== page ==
obstructed panelboard in a store

What’s Wrong Here? Hint: Out of Sight. Out of Mind. Out of Reach.

Sept. 28, 2023
Think you know how this installation violates the NEC?

Hint: Out of sight. Out of mind. Out of reach.

With the storage shelves and all the sale items impeding access to the panelboard and all the circuit breakers inside of it, hopefully this shop owner never needs to access those circuit breakers in an emergency. Section 240.24(A) requires overcurrent devices to be readily accessible. That is certainly questionable for this installation. Section 240.24(D) prohibits overcurrent devices from being installed near easily ignitable materials. There is clothing hanging right in front of this panelboard! Performing maintenance, inspections, and troubleshooting in this energized equipment could also pose some risks too. Section 110.26(A) requires clear space to be maintained in front of this equipment to provide a safe working area for service personnel working on this energized equipment. Unfortunately, violations of these working space requirements are an all-too-common problem that I regularly see. 

About the Author

Russ LeBlanc | Owner

Russ started in the electrical trade as an apprentice in 1985. He worked his way up to become a Journeyman Electrician and then eventually became a Master Electrician and Licensed Construction Supervisor. In 1999 Russ become an Electrical Instructor for The Peterson School of Engineering in Massachusetts where he developed his passion for teaching, and quickly became Department Head of Electrical Instruction. Russ has taught thousands of apprentices, electricians, engineers, inspectors, and other electrical professionals during his career as an instructor. He continues to provide electrical professionals with Electrical Code seminars, Arc-Flash Awareness training seminars and educational material through his LeBlanc Consulting Services in North Reading, MA whose specialty is educating electricians. He has been an active member of the NFPA Electrical Section and has authored hundreds of National Electrical Code proposals and comments which have become Code rules to improve the safety for the electrical industry. Russ is also an IAEI certified Electrical Inspector.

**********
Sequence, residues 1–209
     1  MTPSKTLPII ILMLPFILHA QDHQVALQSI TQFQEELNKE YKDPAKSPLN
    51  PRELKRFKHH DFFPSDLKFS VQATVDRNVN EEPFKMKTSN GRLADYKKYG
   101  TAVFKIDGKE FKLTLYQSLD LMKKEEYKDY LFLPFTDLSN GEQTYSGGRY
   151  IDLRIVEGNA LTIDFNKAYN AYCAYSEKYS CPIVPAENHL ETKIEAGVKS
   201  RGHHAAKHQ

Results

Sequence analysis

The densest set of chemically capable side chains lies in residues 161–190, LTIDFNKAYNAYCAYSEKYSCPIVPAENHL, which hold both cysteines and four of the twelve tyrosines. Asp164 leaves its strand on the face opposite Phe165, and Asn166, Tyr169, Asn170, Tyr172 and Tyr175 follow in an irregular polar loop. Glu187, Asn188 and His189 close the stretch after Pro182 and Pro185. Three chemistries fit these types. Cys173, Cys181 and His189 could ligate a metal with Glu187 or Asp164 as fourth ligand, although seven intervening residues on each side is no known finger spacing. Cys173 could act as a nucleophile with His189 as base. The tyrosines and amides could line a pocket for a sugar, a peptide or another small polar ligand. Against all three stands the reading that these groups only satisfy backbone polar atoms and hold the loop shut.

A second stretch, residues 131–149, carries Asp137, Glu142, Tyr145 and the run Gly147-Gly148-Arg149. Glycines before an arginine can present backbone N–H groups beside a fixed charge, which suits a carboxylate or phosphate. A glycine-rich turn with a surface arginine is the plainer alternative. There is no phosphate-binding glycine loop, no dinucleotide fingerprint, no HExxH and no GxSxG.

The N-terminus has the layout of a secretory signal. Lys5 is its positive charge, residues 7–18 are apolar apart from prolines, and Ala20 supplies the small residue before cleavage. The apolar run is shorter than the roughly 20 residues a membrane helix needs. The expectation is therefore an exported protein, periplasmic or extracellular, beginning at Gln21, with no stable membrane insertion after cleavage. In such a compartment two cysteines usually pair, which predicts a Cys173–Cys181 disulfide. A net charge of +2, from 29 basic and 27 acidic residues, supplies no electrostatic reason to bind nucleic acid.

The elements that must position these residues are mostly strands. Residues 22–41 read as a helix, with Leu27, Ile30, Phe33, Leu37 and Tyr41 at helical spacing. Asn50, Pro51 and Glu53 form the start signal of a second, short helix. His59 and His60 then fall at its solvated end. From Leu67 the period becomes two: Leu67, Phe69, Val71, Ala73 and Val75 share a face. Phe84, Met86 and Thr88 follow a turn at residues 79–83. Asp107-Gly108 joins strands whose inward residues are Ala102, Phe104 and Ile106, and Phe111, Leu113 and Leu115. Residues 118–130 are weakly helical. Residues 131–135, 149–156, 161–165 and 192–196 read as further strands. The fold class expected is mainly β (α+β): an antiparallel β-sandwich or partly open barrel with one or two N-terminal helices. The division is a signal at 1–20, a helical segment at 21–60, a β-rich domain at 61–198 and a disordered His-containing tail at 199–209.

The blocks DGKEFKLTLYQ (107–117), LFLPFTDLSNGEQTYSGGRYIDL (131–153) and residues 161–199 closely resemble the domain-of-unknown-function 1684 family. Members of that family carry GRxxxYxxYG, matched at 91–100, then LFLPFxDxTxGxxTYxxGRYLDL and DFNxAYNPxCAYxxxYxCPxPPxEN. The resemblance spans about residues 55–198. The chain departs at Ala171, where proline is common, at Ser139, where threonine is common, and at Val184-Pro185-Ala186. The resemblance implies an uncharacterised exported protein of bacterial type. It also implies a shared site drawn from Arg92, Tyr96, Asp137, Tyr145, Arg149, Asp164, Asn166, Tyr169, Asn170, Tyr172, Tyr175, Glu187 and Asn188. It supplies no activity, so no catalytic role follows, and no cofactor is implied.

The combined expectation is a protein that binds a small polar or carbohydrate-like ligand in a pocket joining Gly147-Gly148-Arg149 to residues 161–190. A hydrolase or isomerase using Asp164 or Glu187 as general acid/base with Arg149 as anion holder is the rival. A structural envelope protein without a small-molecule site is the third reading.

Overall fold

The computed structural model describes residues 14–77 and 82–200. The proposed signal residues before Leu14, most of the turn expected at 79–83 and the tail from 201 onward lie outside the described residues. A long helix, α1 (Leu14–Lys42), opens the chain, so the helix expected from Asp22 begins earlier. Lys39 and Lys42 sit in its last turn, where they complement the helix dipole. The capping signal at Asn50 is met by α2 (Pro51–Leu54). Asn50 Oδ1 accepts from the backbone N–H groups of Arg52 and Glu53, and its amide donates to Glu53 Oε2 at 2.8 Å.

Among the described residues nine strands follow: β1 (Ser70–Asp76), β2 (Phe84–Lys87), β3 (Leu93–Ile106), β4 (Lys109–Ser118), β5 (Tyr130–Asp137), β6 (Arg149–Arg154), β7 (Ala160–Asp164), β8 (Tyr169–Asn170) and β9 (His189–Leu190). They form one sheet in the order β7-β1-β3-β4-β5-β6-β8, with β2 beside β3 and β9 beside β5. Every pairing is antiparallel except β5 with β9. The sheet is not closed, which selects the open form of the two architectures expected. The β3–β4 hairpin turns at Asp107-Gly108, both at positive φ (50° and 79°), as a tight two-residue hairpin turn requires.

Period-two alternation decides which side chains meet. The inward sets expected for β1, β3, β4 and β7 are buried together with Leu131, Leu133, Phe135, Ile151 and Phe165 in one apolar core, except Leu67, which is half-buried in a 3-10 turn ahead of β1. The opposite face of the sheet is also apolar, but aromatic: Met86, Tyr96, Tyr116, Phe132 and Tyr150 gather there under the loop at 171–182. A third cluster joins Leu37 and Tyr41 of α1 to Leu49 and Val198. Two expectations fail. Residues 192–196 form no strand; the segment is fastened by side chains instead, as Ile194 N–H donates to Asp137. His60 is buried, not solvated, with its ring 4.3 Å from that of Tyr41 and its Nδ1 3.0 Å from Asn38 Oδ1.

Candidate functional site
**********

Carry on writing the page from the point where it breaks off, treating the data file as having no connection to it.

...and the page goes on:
Please visit www.russleblanc.net for more information.

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